Previously I posted the value of using coding standards, specifically MISRA C and MISRA C++. This time I wanted to go through some general experiences we had with some of the checkers, specifically the ones that seem to throw a lot of violated rules, to the point that on some code bases MISRA flagged more than one error per LOC!
There are still tons of great rules you can apply even if you don’t make an embedded product. But as I said before, it doesn’t make sense to turn on all the MISRA rules. After running through many code bases and looking at the value of MISRA we certainly noticed a trend with a few culprits. Here are a few examples that we found to be noisy with non-MISRA compliant code.
MISRA C 6.3 and MISRA C++ 3-9-2:
MISRA has the distinction of “required” rules and “advisory” rules. This is an “advisory” rule. Essentially it wants you to avoid using types like char, int, short, long etc. and to use specific length typedefs instead. Obviously, many code bases use the basic types, so be prepared for many issues.
MISRA C 14.9 and MISRA C++ 6-4-1:
This is a “required” rule. This rule is really about making sure you have braces for your if/else keywords. Good practice to have but how many of us really do this?
MISRA C 12.13 and MISRA C++ 5-2-10:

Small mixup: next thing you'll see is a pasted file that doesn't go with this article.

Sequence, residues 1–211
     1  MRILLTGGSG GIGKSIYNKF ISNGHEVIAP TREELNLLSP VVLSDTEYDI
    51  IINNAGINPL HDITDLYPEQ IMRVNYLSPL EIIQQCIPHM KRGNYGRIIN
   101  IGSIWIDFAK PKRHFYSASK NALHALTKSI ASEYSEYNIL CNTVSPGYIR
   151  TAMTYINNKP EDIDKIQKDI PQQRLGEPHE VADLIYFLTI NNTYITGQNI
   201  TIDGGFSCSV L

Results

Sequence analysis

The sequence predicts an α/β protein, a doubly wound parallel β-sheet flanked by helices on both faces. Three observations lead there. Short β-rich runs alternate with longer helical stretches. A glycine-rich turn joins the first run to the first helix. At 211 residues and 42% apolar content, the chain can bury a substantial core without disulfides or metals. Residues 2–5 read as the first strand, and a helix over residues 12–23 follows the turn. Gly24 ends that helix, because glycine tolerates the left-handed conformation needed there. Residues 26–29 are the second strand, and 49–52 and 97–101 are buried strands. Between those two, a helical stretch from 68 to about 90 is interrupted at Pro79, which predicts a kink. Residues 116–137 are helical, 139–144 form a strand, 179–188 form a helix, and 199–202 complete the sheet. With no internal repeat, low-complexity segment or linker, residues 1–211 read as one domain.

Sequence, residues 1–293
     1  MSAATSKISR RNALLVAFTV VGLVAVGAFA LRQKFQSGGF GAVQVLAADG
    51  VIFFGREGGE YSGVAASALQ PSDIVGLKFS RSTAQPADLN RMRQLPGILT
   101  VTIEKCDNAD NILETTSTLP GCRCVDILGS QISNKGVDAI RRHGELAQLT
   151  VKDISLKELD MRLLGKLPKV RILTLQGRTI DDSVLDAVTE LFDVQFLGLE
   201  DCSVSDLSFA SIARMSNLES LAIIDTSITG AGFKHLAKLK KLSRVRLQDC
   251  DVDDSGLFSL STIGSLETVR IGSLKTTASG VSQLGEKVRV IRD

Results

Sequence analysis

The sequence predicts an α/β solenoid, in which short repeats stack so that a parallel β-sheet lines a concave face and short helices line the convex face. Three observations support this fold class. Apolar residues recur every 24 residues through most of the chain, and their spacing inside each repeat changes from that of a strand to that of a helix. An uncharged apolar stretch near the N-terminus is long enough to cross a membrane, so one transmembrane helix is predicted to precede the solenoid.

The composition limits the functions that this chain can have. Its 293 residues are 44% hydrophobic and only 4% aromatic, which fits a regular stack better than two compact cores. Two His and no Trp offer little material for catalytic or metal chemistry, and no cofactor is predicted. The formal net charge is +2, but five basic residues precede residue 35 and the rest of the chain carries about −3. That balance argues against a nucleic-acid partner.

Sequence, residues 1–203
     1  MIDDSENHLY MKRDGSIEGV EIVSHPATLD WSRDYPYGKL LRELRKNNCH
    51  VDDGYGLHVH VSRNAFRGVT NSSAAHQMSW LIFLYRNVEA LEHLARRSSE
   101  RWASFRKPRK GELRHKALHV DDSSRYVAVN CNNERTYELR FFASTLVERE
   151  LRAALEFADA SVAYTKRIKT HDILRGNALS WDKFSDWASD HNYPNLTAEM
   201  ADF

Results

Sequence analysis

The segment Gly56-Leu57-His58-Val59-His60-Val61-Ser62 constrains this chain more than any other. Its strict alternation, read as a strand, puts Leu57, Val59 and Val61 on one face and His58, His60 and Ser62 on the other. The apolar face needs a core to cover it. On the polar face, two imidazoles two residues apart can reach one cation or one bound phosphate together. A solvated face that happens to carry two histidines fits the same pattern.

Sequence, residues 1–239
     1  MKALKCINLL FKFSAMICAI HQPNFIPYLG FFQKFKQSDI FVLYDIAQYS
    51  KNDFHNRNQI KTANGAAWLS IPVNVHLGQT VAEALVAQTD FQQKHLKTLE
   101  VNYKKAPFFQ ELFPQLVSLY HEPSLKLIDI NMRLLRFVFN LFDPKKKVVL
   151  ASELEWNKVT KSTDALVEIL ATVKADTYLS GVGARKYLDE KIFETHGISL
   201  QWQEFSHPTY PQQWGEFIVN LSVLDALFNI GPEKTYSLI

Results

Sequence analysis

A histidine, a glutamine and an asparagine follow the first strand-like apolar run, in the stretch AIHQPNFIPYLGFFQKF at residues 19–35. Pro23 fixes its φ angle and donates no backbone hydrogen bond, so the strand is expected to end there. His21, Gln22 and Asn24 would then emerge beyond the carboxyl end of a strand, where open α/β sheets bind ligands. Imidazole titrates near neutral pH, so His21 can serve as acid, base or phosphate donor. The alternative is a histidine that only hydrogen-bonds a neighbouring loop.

This is an “advisory” rule. The rule doesn’t want you to mix increment and decrement operators into an expression. This makes sense because it can be pretty confusing to read. But in our experiments this seems to be something that many developers do.
MISRA C 17.4 and MISRA C++ 5-0-15:
This is a “required” rule. The rule only wants to allow you to use array indexing for pointer arithmetic. Everything else is non-compliant.
MISRA C 14.7 and MISRA C++ 6-6-5:
This is a “required” rule and another control flow example. A function can only have one point of exit at the end of a function. I can understand this but as you know, that is not reality.
MISRA C 13.2:
This is an “advisory” rule. It states that tests against zero should be made explicit. In other words: if (x != 0) is the proper way, not if (x). The exception to this is if the operand is Boolean. I don’t know about you, but you can crown me the super wiener on this? I never make it explicit.
So if you plan to pick up MISRA on your existing project beware of these rules. I’d like to hear if you do any of those things in your code base.